For the majority of the time I am shooting fashion, beauty and portrait – both stills and now increasingly DSLR video. I love what I do and wouldn’t change a thing.Yet there is a yearning deep down to extend myself, to use the skills that I have worked so hard to perfect and refine and channel them into meaningful, personal project work. I have a number of ideas that I want to explore this year, and yet this must be balanced with making a living. Of course, motivation is at the heart of all we do, so whatever project I choose it must be interesting, involving and come from the heart. Committing oneself to an idea is just as important, and once chosen we are then able to focus. As I said, there are several possibilities on the table. But one stands out above all, and whatever I choose to do this year this place and its people will somehow be a part of it. Nearly 20 years ago I made a filming trip that quite literally changed my life, and it was the place and the people that have become a major part of my life ever since. Back then I was shooting film stills and compact professional video (Hi8 and S-VHS). My shooting was semi-professional, as was I. For more than a decade I remained a graphic designer, even though I had already spent two months in Spitsbergen – a group of small islands in the Norwegian Sea, north of Norway – where I was shooting a documentary of a scientific, environmental, research expedition. I also had shoots on Hoy, in the Orkney Islands, and on the Eiger in the Bernese Alps in Switzerland for BBC Television. This budding film career may have even blossomed into a profession had there been the technology we have today. But alas, compact video was used only when a Betacam (the professional standard of the time) could not be carried into hostile or inaccessible areas. As exciting as climbing on to icebergs, filming polar bears or scaling mountains was for me, it was a surprise trip to Scotland that was to change everything..
In September 1994 I first set foot on the Inner Hebridean island of Islay. I was there to support a film crew sailing around the Hebridean isles, shooting from the top of yachts’masts, off the sides of lifeboats and from the water around the nets of local fishing boats. All the shoots back then left a huge impression on me, and yet it was this one shoot on a little Scottish island that sowed the seed for a lifelong love affair with both the place and its people. If life is about experience then this one trip opened my eyes to the possibilities that travelling, places and people can offer to all of us, at any age. I knew as we waved goodbye to this magical place and its friendly, solid, kind and mischievous people, that I had found another home. In fact, to this day I know more people on Islay than in the town where I live, and Islay feels very much like a second home. Islay (pronounced ‘eye-la’) is known as the Queen of the Hebrides. It is the southernmost island of the Inner Hebrides. It lies in Argyll just west of Jura and around 25 miles north of the Irish coast and Rathlin Island. It has just over 3,000 inhabitants, a third of whom still speak Gaelic.With a total area of almost 239 square miles, its main industries are malt whisky distilling and tourism based largely on whisky and birdwatching. Needless to say, the place and its people have had a profound effect upon me. The best way to explain this is simple – go there! In the meantime, to get a feel for the island wit and atmosphere, there are few better examples than the 1954 British comedy film The Maggie; the story of a clash of cultures between a hard-driving American businessman and a wily Islay steamboat captain..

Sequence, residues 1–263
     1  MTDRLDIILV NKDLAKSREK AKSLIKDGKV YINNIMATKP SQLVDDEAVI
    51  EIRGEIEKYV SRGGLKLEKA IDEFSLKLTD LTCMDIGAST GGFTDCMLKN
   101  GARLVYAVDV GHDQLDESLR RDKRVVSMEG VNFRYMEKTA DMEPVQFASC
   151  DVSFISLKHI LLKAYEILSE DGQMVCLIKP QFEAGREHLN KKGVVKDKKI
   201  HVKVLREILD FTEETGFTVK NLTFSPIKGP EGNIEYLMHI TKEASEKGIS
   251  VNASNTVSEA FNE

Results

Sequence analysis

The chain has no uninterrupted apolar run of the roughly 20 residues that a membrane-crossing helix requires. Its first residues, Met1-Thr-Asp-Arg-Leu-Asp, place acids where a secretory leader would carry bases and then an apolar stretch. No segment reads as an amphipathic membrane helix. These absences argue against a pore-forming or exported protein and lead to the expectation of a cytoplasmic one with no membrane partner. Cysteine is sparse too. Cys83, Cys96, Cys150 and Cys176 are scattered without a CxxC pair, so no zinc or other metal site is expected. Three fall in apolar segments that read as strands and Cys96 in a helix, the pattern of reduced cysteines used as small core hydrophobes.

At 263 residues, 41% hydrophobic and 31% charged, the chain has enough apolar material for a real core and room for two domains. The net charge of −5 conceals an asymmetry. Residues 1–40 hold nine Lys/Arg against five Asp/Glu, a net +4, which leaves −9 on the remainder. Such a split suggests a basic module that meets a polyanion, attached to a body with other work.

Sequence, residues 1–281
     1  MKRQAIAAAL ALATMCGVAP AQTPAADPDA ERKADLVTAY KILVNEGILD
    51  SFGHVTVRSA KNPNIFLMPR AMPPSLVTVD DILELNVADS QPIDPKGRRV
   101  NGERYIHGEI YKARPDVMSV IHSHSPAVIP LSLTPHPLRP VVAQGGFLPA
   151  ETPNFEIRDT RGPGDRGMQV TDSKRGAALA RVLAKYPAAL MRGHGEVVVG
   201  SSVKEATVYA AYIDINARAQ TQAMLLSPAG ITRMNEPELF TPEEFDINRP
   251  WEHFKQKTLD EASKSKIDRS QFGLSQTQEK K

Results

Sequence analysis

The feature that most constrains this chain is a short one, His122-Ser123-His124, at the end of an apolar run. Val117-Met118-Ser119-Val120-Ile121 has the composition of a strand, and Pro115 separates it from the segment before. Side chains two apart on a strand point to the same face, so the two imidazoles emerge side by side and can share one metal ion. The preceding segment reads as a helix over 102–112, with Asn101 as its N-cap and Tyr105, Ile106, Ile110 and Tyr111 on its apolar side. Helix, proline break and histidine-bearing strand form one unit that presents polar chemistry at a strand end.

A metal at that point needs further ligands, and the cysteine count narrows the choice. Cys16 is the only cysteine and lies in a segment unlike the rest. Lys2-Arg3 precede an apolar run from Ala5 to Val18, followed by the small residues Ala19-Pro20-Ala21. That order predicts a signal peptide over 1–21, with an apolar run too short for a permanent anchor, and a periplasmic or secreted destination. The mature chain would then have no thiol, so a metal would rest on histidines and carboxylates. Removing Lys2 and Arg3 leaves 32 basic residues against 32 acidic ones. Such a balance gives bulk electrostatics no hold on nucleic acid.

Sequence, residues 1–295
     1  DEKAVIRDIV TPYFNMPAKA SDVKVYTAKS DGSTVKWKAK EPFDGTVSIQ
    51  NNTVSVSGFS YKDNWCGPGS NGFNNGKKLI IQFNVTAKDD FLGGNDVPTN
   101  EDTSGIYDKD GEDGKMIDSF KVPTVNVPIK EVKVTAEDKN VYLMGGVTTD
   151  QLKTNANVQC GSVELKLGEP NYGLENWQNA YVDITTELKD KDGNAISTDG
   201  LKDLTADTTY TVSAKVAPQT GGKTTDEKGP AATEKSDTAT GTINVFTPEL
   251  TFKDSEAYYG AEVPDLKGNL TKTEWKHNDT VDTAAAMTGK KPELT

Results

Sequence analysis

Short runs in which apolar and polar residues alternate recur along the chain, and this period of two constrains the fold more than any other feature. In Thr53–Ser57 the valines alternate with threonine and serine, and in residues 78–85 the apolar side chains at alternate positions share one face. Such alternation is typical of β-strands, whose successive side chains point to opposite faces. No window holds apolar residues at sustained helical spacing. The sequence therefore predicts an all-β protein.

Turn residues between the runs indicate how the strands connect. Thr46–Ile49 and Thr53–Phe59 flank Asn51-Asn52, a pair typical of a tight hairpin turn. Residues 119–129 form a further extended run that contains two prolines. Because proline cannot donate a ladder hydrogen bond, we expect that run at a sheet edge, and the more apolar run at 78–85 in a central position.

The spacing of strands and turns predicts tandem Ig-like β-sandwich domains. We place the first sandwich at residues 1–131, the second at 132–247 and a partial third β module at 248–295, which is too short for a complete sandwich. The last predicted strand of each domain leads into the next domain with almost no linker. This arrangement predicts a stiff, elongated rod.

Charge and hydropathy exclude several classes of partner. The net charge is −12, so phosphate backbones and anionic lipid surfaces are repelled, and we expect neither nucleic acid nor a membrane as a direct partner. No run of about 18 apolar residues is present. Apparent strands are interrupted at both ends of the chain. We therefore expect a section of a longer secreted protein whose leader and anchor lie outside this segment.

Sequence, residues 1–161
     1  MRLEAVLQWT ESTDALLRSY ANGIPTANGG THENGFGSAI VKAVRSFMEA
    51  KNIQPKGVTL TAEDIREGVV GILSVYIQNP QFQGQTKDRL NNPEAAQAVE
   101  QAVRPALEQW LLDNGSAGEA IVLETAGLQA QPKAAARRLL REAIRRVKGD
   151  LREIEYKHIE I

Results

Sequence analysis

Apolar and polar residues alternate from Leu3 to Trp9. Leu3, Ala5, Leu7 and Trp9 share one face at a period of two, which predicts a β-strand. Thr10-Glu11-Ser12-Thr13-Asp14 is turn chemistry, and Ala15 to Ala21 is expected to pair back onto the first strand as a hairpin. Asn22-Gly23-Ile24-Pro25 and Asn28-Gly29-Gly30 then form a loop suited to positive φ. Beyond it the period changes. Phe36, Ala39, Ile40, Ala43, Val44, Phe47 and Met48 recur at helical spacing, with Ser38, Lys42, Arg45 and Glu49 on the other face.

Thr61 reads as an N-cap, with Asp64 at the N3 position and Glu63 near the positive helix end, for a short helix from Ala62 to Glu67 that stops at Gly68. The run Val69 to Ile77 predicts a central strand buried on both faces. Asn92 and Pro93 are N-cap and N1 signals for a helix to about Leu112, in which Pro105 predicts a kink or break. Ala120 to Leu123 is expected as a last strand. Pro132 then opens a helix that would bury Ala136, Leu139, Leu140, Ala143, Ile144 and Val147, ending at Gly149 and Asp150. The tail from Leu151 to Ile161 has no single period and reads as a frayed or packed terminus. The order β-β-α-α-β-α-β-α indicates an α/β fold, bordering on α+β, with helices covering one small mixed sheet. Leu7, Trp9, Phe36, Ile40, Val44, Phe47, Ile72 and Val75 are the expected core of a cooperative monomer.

Islay is a community unlike any other I have ever encountered. People rely upon each other in a way that we have, for the most part, lost or forgotten in mainland Britain. Over the past 16 years I have forged great friendships and shared in some of the happiest and saddest of times. Indeed, it was Islay that played a significant part in me turning professional; shooting three charity sailing expeditions in 2003, 2005 and 2007. Many of the islanders turned out to support us as we rowed and sailed Irish skiffs alongside a flotilla of fishing boats from island to island, and even across the channel to Portrush, picking up whisky from some of the world’s finest distilleries and then blending and bottling it for auction. If I could pin down my long association with Islay, and the key that has unlocked the door to this second home, it would be in the form of one of my closest friends, scallop fisherman, coastguard station officer and submarine liaison, Harold Hastie. Quite simply, Harold and his wife Margaret are the reason I have this bond with the place and its people. An unlikely friendship, fisherman and photographer, separated by 400 miles, and yet we speak nearly every week; usually me from the car and Harold from the boat. Many of the residents of Islay have nicknames. Harold’s is ‘Kamikaze’. Need I say more?Well yes actually, because Harold is like many Ileachs. On first impression he is laid back, disarming, charming and yet, underneath, there is a strength of character, depth and a fierce pride of place that I can only assume comes from a lifetime at sea and living on an island.Wit and humour are at the very centre of the people, and it comes quick and often. It’s a humour that is hard to explain in words, but must be experienced through the soft Islay lilt and in the twinkle of the eyes. I suppose it’s obvious, but nevertheless worth mentioning, that as photographers and film makers we cover subjects that are close to us and generate opportunities from our personal connections with people and places. And as I move down the list of possible personal projects, Islay and its people appears, and will remain, near the top. But it’s what I do with this association and unique connection that is the biggest challenge. Will it be master distiller Jim McEwen, creating vatted malts and talking with tears in his eyes of Islay and its people, both past and present, with an unrivalled passion and emotion earned from nearly half a century of experience within the whisky industry? Or the gentle and kind creel fisherman, Alec Campbell, known affectionately as ‘Nazza’, hauling off the south side of Islay and catching bait off the back of the boat, only to give it all to the rather large and ever-hungry grey seal named by the locals as Rupert? (Nazza once fed him 40 large mackerel, just to see exactly how many fish he could eat at a single sitting.)Will it be retired policeman Ian Smith, walking his dog Ben and then teaching me how to sing traditional Scottish anthems back at his flat? Or Jim McFarlane, fisherman and historian, regaling me with the local fishing history and attempting to teach me Gaelic over several drams in his front living room, overlooking Port Ellen harbour? Or Kevin ‘Cloudy’ Campbell, Lagavulin distillery man and charity fundraiser, playing England versus Scotland pool tournaments in his shed, or peat cutting at father-in-law Alan MacDougall’s croft. Or Duncan McGillivray, distillery manager, indulging his passion for rebuilding an old steam puffer? Or Callum Anderson, retired commercial ships captain and first to sail into communist China, reminiscing as he looks out to sea from the cottage he was born in at PortWemyss? Or Duncan ‘Budgie’ MacFadyen, distillery man, just being himself in the wonderfully atmospheric stillhouse at Bruichladdich Distillery? Or RB and his wife Marat (Harold’s father and mother-in-law) who spoil me with Scottish pancakes on every visit? Or will it be Harold Hastie himself, at the wheel of his clam fishing boat, The Clansman, cooking me bacon, egg and sausage sandwiches as we steam out of Port Ellen at 5am with a bottlenose dolphin called Henry on the bow? To the locals this is just another day on Islay, yet to me it’s like unlocking the gates of heaven itself. Making the right choice of subject and then seeing where that will take me is where this work will either stand or fall. Most importantly, it has to be personal, distinctive, individual, particular, peculiar and one’s own. And so, while I would like others to enjoy and appreciate my work, in this case I am the ultimate client and it is myself that I want to please and my own expectations that I aim to meet.